OTTAWA - The U.S. defence giant Lockheed Martin — and, by extension, the Canadian government — celebrated on Tuesday over Japan's decision to jump on the F-35 stealth fighter bandwagon.
The announcement late Monday that Tokyo plans to purchase 42 of the advanced radar-dodging jets gives the often-maligned program a boost at the same time it's been under increased scrutiny in Ottawa.
As part of the deal, Japanese aerospace companies will be allowed to make some parts for their own F-35s. The could also open to them becoming global suppliers, even though the country did not participate in development of the aircraft.
Steve O’Bryan, the company's vice-president of F-35 integration and business development, says Japan's inclusion will have an impact on Canada's planned purchase in four-years' time.
"It lowers the cost of procurement and support of the Canadian airplanes," he said in a conference call from Fort Worth, Texas, on Tuesday.
The minister in charge of buying equipment for Canada's military, Julian Fantino, issued a news release late Monday, saying Japan's decision bolsters his government's case for the F-35.
"Today’s announcement by Japan once again demonstrates that the F-35 is the best aircraft available to replace our aging fleets and address future threats to our sovereignty,” he said in a written statement.
The price tag has been the subject of furious debate in Parliament, with the Harper government insisting it will pay roughly US $75 million per aircraft when it starts buying in 2016. Critics say the figure has been low-balled.
The U.S. and Britain recently signed a deal for the delivery of early-production aircraft at between US $140 million-$145 million. Canadian officials have long insisted that the price will drop as the assembly line ramps up.
Media reports in Japan say the defence minister there will pay US $114 million per aircraft.
The purchase price in any given year depends on how many other countries are placing orders and, while O'Bryan won't speculate on what Ottawa will pay, he says the company is looking at opportunities to bring other countries onboard, including South Korea. Doing so could drive down the price even further.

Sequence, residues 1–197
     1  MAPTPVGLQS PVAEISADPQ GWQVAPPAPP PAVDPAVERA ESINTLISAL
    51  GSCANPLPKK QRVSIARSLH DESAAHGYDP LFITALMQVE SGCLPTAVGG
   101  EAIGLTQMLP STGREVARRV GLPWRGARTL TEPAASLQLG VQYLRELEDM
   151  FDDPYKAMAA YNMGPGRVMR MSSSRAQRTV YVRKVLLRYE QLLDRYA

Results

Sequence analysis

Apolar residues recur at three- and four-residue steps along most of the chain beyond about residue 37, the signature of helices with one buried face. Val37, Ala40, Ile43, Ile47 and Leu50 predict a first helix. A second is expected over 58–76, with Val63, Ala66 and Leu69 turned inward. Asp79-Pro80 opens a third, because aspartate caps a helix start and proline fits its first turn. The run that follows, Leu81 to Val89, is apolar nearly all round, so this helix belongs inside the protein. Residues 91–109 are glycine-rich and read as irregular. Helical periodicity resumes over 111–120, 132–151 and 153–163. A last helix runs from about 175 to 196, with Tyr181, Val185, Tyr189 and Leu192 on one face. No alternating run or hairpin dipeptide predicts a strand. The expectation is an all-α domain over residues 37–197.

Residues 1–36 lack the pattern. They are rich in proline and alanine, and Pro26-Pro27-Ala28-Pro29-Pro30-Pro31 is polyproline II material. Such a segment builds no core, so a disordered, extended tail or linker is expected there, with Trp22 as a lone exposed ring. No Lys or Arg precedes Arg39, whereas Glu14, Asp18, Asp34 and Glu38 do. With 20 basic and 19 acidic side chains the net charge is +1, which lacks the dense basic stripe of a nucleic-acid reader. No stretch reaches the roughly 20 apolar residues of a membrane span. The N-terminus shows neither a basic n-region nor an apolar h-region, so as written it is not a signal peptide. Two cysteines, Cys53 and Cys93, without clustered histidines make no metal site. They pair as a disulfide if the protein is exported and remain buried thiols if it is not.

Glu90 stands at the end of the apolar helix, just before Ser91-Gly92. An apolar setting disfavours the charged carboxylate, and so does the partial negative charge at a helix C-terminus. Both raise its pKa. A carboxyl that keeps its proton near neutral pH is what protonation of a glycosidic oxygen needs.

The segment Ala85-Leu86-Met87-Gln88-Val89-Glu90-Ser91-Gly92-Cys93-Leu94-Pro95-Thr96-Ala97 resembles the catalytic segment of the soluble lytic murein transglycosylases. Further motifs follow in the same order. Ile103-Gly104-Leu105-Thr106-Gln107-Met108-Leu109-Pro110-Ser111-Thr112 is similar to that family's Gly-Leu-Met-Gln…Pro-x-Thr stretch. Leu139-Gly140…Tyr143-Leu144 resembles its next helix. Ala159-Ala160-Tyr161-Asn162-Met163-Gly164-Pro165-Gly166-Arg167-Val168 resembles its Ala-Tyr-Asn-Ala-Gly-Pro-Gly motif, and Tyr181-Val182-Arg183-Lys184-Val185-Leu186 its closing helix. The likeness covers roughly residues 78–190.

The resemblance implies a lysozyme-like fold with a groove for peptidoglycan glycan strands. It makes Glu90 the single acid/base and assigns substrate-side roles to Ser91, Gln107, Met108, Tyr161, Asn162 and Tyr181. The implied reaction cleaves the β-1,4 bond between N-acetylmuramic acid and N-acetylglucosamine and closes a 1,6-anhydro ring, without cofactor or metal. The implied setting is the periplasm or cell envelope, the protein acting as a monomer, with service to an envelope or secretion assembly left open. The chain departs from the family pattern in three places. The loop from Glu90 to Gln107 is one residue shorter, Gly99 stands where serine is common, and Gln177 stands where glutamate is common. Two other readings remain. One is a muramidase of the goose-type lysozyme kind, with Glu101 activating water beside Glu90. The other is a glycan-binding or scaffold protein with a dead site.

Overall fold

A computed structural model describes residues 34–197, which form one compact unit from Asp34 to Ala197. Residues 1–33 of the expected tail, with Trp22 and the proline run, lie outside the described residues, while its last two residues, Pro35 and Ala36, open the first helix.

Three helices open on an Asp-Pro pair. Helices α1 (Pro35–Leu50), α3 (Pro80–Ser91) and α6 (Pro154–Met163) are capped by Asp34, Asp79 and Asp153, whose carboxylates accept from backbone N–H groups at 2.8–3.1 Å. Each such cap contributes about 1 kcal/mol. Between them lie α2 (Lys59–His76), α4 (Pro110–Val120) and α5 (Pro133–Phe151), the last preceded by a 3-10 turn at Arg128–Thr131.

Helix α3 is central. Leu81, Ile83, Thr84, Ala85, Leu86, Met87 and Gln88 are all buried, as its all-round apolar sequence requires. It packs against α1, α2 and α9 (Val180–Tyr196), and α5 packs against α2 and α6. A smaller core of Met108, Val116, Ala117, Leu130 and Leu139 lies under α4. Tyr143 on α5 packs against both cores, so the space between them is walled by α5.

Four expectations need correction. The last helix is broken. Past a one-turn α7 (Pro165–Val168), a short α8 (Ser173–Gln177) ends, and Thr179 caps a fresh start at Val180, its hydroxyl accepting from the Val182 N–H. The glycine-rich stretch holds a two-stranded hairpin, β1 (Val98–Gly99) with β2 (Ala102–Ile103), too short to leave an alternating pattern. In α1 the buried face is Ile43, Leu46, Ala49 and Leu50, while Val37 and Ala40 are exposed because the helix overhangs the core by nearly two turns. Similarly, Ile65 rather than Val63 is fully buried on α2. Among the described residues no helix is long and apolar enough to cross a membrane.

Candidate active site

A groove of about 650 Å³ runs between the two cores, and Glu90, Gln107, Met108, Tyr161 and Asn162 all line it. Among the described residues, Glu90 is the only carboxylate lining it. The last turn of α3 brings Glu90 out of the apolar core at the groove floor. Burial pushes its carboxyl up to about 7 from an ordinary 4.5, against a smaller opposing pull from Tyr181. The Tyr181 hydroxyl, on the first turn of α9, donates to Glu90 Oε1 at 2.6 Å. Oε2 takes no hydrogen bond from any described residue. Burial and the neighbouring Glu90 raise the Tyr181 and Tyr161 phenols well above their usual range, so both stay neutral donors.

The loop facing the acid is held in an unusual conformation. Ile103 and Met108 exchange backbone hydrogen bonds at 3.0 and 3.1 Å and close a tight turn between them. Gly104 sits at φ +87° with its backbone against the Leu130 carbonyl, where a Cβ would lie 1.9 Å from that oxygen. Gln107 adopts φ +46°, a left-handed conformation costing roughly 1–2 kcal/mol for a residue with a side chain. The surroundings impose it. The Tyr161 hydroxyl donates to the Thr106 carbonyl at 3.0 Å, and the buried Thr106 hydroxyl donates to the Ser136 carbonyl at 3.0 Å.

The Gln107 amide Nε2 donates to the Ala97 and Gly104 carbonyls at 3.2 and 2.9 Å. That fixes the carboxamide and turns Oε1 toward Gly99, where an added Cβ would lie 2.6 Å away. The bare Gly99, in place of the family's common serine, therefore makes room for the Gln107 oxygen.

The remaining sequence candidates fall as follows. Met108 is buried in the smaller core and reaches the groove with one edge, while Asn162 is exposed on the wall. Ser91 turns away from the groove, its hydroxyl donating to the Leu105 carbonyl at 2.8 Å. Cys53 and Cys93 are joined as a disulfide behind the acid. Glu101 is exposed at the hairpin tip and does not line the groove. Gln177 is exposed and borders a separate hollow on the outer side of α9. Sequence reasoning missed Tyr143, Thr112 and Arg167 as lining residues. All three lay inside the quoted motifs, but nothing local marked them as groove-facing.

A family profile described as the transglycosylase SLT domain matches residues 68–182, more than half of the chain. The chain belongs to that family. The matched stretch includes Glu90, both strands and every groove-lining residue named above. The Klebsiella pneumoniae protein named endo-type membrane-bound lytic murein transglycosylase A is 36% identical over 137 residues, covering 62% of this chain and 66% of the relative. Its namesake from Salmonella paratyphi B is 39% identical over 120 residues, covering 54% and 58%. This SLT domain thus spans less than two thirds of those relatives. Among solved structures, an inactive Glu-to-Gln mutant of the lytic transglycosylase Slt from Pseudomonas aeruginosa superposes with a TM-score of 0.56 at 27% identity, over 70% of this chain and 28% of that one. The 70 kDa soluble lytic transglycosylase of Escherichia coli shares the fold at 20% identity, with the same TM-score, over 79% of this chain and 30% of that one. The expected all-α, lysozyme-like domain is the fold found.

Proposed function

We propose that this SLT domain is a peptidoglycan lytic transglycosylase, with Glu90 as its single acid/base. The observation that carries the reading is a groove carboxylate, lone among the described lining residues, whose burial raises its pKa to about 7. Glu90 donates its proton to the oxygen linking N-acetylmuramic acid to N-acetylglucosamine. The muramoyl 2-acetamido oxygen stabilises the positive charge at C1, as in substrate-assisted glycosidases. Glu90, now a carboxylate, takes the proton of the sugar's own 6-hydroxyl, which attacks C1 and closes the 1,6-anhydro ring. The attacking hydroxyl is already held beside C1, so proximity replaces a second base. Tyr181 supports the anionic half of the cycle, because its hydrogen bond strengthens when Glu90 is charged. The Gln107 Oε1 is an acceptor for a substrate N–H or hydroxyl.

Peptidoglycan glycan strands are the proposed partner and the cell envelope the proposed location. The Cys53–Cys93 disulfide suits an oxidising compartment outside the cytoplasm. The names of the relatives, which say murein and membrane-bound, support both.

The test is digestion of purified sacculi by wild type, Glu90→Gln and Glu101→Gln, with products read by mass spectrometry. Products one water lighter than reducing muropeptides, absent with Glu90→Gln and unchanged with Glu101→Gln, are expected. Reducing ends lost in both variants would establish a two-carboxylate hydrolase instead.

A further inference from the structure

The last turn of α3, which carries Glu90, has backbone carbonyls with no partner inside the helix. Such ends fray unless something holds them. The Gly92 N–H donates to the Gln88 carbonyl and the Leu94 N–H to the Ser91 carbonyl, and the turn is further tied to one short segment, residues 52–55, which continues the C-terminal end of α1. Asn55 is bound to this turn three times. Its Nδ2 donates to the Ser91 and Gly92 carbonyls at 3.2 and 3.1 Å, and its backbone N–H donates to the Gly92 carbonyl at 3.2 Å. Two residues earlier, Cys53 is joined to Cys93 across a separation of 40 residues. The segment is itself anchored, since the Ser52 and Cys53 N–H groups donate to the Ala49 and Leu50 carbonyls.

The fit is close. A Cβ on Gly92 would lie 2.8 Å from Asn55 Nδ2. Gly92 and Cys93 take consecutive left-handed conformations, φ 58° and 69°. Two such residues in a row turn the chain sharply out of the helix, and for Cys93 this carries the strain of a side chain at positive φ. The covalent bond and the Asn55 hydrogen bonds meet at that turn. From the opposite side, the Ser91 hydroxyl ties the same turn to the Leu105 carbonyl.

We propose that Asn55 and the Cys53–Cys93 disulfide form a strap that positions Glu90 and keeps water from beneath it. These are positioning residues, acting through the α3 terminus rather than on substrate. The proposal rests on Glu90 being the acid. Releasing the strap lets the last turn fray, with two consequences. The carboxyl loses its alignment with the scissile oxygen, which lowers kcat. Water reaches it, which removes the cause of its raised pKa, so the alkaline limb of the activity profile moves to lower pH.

The Japanese air force has 362 jet fighters that are reaching the end of their serviceable life. The new deal covers replacement of the country's aging F-4 Phantoms and O'Bryan said Lockheed Martin plans to bid when the much-larger fleet of F-15s is ready to retire in a few years.
Access-to-information documents show the Canadian government expects to buy 13 of the stealth fighters before 2020 when the air force begins to retire the current fleet of CF-18s. Another 52 aircraft will follow in the years after that.
It is unclear over how many years Japan plans to stretch out its purchase.
Fantino pointed out that Canadian aerospace companies have landed about $370 million in parts contracts to build the state-of-the-art fighter, which is assembled in the U.S.
In order to bid on those opportunities, the federal government had to contribute to the development of the plane through arrangements with the U.S. government and other allies.
To date, the federal treasury has cut cheques totalling $203 million and expects to contribute as much as $741 million over the nearly five decades of the project.
That cash was supposed to have purchased not only premium access for Canadian companies, but a preferred purchase price.
O'Bryan said Japan was not a partner in the development.
Japan's defence ministry said Tuesday that Mitsubishi Heavy Industries Ltd., IHI Corp. and Mitsubishi Electric Corp. will participate in production of the plane, but details of how much participation there will be have yet to be decided.
Japan is not the only exception.
Israel, essentially an observer in the development, insisted last year that its country's defence industry be allowed to participate in the program for the 20 aircraft it was planning to buy.
The U.S. has not agreed to install Israeli-made parts in the initial batch of aircraft, but suggested that could change with further orders.
By Murray Brewster, The Canadian Press